Richard Ryan’s London silkscreen print portfolio
By Guy Sangster Adams
In Richard Ryan’s four pop art visions of the streets of London, reality coalesces with the fantastical and romanticised, as emblematic pageantry, the iconic red profusion of buses, telephone boxes, and pillar boxes, youth culture, graffiti art, and a menagerie of animals evoking Britain’s classic children literature from Lewis Carroll, to Beatrix Potter, Roald Dahl, and Dodie Smith, run wild in a predominant palette of bright reds, blues, and yellows, across halftone urban vistas.
Thus on the corner of Savile Row, the street in London’s Mayfair internationally famous for the finest bespoke tailoring, stands a top-hatted androgynous dandy, in the lea of a trio of Sir Giles Gilbert Scott’s classic telephone boxes and an unfurled Union Jack umbrella, paid homage to by a proliferation of Peter rabbits and Benjamin bunnies. Whilst across town, in the little known but evocatively named, London Street, close to Paddington Station, a debutante in a voluminous Union Jack ball gown, escorted by two of The Hundred and One Dalmatians, makes stately progress along the down-at-heel street, past the graffiti and stencil art—including a hot pink Winston Churchill with a Tommy Gun—daubed riveted steel of the railway bridge parapet.
Outside Victoria Station, a boots and braces Skinhead stalks away from a woman wearing a British policeman’s helmet, reimagined in Houndstooth check, a belted yellow Macintosh, and a parrot on her shoulder. Then, to the fore of the Houses of Parliament, a bullet belted woman on a Mod Union Jack scooter trails three Fantastic Mr Foxes on Punk collars in one hand and three Burberry shopping bags in the other, as a bowler hatted City gent walks away toward Big Ben.
Born in Santiago, Chile, Richard Ryan began working as a photographer in Stockholm, Sweden, where he continues to live and work. With a long held passion for mixed-media prints, he quickly developed a way to combine his photography with graphic and fine art techniques to create images suitable for creating silkscreen prints. He created his first portfolio of prints, Homage á Warhol, in 2005, followed by The Manhattan Art Portfolio (2007), Homage á Klein (2009), Stamp On (2010), Nikki Beach Edition (2011).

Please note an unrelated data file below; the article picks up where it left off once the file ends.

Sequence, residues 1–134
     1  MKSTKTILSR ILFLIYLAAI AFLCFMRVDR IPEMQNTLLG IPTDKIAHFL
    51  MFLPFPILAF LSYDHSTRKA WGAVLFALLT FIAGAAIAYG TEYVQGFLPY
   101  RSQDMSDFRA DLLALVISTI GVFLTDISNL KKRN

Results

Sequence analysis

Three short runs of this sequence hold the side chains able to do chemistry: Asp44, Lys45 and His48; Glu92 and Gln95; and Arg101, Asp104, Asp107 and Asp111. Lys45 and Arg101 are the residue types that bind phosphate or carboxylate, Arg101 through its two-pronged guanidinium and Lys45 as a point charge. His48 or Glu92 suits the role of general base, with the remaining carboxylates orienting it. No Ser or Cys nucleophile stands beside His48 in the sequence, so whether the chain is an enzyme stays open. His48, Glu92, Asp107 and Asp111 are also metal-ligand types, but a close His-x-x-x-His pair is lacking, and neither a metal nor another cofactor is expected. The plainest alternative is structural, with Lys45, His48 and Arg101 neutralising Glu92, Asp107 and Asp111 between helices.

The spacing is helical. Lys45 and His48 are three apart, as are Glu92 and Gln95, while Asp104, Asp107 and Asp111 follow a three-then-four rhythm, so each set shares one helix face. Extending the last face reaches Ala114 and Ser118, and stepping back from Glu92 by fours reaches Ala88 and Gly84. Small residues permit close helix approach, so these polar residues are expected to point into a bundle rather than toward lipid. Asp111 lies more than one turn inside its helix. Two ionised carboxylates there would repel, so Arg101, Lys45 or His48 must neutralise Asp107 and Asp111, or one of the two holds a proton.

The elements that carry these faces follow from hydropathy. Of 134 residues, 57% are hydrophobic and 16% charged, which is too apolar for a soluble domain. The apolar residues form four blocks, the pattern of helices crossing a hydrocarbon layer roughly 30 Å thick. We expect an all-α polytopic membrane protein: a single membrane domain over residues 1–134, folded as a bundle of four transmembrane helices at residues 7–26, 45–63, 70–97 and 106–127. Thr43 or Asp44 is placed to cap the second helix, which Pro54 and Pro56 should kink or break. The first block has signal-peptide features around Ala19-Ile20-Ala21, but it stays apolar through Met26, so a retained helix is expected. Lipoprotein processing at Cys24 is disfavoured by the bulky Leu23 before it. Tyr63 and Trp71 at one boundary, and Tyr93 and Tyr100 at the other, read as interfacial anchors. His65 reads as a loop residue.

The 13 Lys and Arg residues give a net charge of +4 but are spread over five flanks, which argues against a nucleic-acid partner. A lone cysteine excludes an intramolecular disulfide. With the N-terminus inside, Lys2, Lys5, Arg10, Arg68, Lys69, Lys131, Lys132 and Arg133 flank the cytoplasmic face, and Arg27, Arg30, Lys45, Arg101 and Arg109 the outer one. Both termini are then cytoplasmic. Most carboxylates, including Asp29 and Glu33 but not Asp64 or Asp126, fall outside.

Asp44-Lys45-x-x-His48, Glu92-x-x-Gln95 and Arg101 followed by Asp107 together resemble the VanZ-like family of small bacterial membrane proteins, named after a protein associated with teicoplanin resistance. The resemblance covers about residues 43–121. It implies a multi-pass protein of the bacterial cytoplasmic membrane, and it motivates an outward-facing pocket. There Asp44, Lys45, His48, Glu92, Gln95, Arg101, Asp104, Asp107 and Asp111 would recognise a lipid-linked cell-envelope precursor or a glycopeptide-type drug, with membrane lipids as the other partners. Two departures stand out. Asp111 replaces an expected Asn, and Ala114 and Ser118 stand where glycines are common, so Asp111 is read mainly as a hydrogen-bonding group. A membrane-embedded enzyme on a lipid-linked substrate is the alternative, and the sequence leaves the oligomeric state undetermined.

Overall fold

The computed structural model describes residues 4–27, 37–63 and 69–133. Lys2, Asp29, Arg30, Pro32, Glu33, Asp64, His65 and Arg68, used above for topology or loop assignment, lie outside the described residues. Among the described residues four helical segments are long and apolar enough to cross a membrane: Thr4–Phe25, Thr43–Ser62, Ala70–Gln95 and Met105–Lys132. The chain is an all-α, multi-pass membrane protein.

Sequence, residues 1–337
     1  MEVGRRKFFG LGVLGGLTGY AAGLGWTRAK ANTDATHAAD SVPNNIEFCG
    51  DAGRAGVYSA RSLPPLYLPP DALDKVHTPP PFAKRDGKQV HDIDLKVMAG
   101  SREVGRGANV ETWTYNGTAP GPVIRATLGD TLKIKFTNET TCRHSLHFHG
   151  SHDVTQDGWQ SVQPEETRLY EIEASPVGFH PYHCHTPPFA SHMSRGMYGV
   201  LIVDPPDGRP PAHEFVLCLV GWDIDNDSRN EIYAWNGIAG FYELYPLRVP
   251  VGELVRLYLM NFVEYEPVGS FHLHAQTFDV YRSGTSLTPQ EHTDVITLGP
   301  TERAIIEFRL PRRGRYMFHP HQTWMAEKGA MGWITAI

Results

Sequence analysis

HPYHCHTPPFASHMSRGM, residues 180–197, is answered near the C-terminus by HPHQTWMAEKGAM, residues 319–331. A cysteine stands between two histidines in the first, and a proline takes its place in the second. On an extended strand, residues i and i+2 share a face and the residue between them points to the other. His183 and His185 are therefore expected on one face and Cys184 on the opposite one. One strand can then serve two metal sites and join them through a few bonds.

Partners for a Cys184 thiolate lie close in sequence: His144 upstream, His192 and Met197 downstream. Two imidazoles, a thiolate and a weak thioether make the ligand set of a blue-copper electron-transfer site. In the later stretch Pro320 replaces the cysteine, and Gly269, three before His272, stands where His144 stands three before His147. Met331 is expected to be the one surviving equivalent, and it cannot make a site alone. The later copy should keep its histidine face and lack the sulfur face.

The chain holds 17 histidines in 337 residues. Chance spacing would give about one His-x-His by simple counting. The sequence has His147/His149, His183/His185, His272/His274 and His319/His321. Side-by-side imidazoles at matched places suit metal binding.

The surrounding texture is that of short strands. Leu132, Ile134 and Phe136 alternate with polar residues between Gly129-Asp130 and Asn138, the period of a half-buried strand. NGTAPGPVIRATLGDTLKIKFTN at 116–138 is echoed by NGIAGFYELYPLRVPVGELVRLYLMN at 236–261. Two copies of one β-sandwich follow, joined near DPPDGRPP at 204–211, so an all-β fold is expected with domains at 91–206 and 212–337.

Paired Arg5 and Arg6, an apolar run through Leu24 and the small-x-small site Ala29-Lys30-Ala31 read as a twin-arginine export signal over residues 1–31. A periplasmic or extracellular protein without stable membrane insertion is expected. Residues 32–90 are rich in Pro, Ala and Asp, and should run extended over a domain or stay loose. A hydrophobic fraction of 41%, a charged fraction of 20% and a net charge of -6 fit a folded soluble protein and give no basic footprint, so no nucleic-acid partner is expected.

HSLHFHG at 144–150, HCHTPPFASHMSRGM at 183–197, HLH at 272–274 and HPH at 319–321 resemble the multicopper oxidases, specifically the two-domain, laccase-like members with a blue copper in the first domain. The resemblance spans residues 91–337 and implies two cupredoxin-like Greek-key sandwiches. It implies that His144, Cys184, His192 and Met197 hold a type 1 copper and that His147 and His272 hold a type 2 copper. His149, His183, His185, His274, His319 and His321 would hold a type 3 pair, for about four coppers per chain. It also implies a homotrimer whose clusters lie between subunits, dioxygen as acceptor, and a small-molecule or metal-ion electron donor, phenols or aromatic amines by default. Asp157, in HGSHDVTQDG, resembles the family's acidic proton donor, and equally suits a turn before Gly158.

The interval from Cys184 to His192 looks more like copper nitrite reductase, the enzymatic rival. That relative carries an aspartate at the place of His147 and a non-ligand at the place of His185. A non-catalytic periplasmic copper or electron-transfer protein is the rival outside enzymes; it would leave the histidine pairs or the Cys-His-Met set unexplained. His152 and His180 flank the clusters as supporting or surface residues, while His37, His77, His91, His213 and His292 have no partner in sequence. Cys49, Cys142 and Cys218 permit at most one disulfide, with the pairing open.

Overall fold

For the London portfolio he utilised not only photographs that he had taken, such as the woman in the Victoria Station print, which originated as a shot he took of a Swedish fashionista on her lunch break, but also archive images and scrapbook items. Whilst, intriguingly, his model for the woman on the scooter in the Houses of Parliament print is French actress, Audrey Tautou; a reference, he explains to the Entente Cordiale. Joie de vivre certainly abounds in the four prints, and in exploring the multiple layers of the London’s culture ‘from afar’, and in collaging and paring down styles, moments, history, and signifiers he gets under the skin of the city in a fun, fascinating, immediate and celebratory way.
The London prints measure 480x624mm and are in a limited edition of 350. Each print is numbered and signed by the artist, and cost £400 each or £1200 for the whole portfolio, and are available from www.artnowfactory.se